Silat of kungfu, kungfu of silat


I read with much delight RPK’s The art of silat, which reveals to us a bit on Ling Liong Sik’s mulling about Chinese (presumably Chinese Malaysians) and their approach to politics.
Why with delight?
Because I too had previously written on a couple of similar issues. For example, RPK wrote the following on one of Ling’s political reflections:

“The trouble with us Chinese,” he said, “is that we are not as skilled in politics as you Malays. We Chinese play politics like kungfu. We just charge and whack. You Malays use silat. You smile and dance and make graceful moves and we don’t know when the keris is going to stab.”

Seven years ago, on 07 Nov 2005, I posted Anwar Ibrahim & silky court intrigues, as follows (extracts):

Once an old (Chinese) pal of mine confessed to me how much he saluted the Malays for their amazing and sophisticated political skills, which were/are subtle as silk – silk of course is also an effective garrote. 

He lamented how raw the Chinese were by comparison. When I asked him why, he pointed out to a tradition of Malay court intrigues dating back to the legendary days of Hang Tuah and his best mate/nemesis Hang Jebat.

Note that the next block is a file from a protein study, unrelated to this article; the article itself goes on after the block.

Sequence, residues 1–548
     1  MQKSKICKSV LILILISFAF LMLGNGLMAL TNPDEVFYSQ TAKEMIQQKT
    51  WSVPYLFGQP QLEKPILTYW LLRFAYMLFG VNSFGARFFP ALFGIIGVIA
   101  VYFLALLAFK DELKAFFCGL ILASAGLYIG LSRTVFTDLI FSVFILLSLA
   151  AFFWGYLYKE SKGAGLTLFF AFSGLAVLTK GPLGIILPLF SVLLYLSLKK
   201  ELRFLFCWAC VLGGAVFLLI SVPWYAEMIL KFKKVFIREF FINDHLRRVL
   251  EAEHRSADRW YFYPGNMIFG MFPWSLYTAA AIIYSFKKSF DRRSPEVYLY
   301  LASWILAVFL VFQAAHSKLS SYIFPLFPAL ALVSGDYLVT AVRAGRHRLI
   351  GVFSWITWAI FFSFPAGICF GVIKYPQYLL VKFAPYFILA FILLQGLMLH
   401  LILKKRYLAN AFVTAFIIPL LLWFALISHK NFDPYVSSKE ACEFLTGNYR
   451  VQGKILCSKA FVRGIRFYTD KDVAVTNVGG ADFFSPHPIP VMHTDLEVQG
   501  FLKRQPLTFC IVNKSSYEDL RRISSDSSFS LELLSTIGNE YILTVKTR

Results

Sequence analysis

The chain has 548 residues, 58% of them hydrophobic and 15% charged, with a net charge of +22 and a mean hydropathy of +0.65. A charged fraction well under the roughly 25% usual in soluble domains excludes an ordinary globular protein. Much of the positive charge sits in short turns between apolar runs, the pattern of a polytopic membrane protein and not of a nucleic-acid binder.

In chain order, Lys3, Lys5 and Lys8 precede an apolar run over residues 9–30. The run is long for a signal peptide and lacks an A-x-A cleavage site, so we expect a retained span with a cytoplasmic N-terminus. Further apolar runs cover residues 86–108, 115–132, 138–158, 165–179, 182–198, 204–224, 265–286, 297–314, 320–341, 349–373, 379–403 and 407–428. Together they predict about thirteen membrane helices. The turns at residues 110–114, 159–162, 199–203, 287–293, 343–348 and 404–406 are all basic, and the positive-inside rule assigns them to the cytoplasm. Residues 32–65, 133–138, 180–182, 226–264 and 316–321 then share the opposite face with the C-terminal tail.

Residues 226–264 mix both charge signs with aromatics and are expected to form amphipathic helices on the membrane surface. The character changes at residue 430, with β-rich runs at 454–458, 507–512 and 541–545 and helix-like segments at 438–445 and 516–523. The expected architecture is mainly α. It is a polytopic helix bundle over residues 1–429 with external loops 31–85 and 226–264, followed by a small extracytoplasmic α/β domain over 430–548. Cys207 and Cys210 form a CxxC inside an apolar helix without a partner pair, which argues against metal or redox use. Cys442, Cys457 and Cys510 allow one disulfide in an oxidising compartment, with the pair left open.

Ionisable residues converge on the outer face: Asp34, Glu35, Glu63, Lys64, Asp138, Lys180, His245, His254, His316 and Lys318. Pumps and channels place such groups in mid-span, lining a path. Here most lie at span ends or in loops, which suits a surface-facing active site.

When I countered by reminding him of equally diabolical Chinese court manoeuvrings, with its legends, history, eunuchs, imperial concubines, traitors and whatnot, he smiled and crushed my arguments by stating: 

“Those imperial ar$eh%les were northerners. The Chinese in Malaysia came from the south, and were of ignorant bumbling peasant stock.” 

I was outraged and protested vehemently, declaring that my ancestry could be traced back to the bloodthirsty pirates looting, pillaging and raping in the Formosa-Fujian-Guangchow region. 

Chinese pirate Sao Feng wakakaka

Bloody hell, calling me, a descendant of swashbuckling Chinese pirates, a descendant of country yokels! 😉 

Oh, BTW, Chinese victors in a dynastic struggle ordered dethroned royal families to kill themselves and avoid the shame of public execution, by presenting the unfortunate victims with a sash of fine white silk, for them to hang themselves.

It would seem there are certainly more than a few Chinese Malaysians who have lamented the political naivety of many in their community, but then we should remember we have been the descendants of mainly country peasants (wakakaka).
Chinese peasants – photo from Greenpeace East Asia
The other aspect of Chinese political naivety has been their hitherto refusal to recognize or just blissful ignorance that 65% of Malaysians are Malays who are Muslims where most (though not all*) deeply respect their sultans, culture and tradition. Such has been that the Malays have a saying ‘biar mati anak, jangan mati adat’ which means ‘better your children die than your traditions’.